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The report provided an optimistic outlook for the US, forecasting next year’s growth at 2.3 per cent, up from the 2.1 per cent it had estimated in September.
This comes largely due to the Trump administration’s planned tax cuts and public spending which are set to boost the economy.
According to the report, China, which is not an OECD member, will see economic growth at 6.7 per cent this year, but edge down to 6.4 and 6.1 in 2017 and 2018, respectively.
The OECD forecast is similar to one from the International Monetary Fund (IMF) made in August which said that the Chinese economy is expected to grow 6.6 per cent this year, with the inflation rate rising to 2 per cent.
Chinese authorities have said they targeted a growth rate of 6.5 to 7 per cent.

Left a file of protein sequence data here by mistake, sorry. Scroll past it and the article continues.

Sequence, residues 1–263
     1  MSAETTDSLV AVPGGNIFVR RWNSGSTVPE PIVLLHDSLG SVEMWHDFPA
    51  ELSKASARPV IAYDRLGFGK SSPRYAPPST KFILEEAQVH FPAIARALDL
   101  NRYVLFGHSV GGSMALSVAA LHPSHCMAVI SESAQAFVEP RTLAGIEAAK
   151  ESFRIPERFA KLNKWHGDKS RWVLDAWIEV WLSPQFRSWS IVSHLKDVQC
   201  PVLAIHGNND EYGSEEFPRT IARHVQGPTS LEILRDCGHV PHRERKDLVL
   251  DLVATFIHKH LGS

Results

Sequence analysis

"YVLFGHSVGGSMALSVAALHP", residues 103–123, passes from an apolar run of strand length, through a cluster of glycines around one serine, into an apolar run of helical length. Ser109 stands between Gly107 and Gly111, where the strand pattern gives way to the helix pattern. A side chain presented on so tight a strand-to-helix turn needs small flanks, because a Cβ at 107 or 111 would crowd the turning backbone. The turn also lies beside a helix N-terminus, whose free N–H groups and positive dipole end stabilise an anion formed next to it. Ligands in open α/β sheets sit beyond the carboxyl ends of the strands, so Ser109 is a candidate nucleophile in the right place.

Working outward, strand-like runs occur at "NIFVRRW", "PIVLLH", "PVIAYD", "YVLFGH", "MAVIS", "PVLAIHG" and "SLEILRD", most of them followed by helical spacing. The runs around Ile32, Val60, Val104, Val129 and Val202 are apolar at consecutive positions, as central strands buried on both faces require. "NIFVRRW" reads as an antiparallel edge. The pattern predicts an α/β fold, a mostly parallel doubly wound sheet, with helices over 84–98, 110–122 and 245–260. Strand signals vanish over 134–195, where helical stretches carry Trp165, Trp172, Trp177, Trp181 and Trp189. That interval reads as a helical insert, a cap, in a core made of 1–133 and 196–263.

In early 2015, it had forecast a 7-per cent growth rate, later revised to 6.9 per cent – its lowest in nearly 25 years
China has this year for the first time in 21 years opted to provide a range for its economic growth forecast rather than a specific number target.
Meanwhile, uncertainty caused by the UK’s decision to exit the euro zone is likely to constitute a major economic risk for the country which the OECD predicted will grow 2 per cent in 2016, but slow down to 1.2 per cent and 1.0 per cent in 2017 and 2018.
The OECD warning on the UK’s economy came in tandem with statements made by European Central Bank chief Mario Draghi who said that Britain’s economy would be the first to suffer if its exit from the European Union leads to protectionist economic measures.
“If, in the long run, the risk of a less-open UK economy in terms of trade, migration and foreign direct investment were to materialize, there would be a negative impact on innovation and competition and, thus, productivity and potential output,” Draghi said.
The BRICS Post with inputs from Agencies